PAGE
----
Sen. Richard Durbin said Monday that senators can’t even agree on the definition of border security, making it tougher to reach an agreement on an immigration bill as the Senate begins its debate.
Mr. Durbin, who was one of the four senior lawmakers working on a bipartisan deal, said the negotiations broke down over whether border security was infrastructure, manpower and technology to stop people at the line, or whether it was also policy changes to change the incentives that entice people to make the attempts.
“We never agreed on that,” the Illinois Democrat said of his negotiations with Sen. John Cornyn, the No. 2 Republican in the Senate, and Reps. Kevin McCarthy and Steny H. Hoyer, the second-ranking Republican and Democrat in the House.
Mr. Durbin said Republicans insisted on the policy changes as part of border security. They argue the asylum system is being gamed, and that treating illegal immigrant families and children from Central America more leniently than from Mexico has resulted in a massive shift with more border crossers coming from south of Mexico now.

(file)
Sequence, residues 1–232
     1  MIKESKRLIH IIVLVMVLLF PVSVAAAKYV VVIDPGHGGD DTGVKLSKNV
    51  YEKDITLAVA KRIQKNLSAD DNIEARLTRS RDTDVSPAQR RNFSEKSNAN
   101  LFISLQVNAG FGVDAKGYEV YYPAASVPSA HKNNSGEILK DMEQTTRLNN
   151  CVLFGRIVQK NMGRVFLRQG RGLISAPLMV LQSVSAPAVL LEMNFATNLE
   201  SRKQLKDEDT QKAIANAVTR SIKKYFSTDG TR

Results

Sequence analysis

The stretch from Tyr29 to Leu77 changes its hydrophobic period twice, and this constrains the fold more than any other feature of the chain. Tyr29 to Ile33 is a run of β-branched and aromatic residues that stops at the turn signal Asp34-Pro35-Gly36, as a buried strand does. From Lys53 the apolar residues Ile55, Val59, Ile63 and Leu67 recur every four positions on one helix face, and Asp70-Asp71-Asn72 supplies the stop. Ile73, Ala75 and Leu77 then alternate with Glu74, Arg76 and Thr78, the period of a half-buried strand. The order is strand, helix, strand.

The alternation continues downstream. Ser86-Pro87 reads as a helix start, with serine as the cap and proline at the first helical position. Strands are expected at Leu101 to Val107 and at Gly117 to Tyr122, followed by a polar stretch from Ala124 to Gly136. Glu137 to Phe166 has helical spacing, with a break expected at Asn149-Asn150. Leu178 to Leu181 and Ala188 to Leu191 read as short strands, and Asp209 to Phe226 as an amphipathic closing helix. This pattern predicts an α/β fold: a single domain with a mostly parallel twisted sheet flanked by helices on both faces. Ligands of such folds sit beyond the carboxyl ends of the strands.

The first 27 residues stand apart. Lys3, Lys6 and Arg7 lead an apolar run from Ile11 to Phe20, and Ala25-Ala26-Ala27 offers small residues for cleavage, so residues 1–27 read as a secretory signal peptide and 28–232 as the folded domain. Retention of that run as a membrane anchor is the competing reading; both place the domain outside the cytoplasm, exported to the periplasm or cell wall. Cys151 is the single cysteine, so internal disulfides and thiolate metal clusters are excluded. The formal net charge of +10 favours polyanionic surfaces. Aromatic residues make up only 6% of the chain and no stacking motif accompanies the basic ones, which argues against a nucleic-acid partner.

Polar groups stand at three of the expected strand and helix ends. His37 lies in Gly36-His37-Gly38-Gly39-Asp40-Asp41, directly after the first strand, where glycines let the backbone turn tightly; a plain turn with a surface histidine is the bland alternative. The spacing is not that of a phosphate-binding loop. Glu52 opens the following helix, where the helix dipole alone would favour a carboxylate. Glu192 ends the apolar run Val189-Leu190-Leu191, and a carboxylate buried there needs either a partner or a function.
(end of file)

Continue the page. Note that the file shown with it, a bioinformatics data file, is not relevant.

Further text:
Mr. Durbin said there are problems that need to be dealt with, but said that can’t be tied up with the push to grant illegal immigrant “Dreamers” quick legal status.
“Believe me, we’re not going to solve that problem this week,” he said briefing reporters in anticipation of an early test vote Monday afternoon.
He’s been at the forefront of immigration negotiations for nearly two decades, and is preparing for the fourth major Senate debate on the issue in the past 12 years.
Mr. Durbin urged lawmakers to keep this one narrow, saying that including matters such as high-skilled guest-workers and changes to immigration policy beyond the border will be difficult for Democrats to swallow.
He said the crux of the compromise is to agree to Mr. Trump’s plans for a $25 billion border wall in exchange for legalizing millions of Dreamers.
Mr. Durbin said all 49 members of the Democratic caucus are unified, and said there are five or six Republicans ready to vote with them. The challenge, he said, will be to win over the final five or six Republicans who can get to the 60 votes needed to clear a bill.
But what that bill would be is still uncertain.
While Republican leaders have a proposal they’re backing, Democrats have yet to offer a party consensus bill.
Mr. Durbin said he’s considering offering a “clean” bill to legalize Dreamers without any additional security, but said there won’t be 60 votes’ support for it.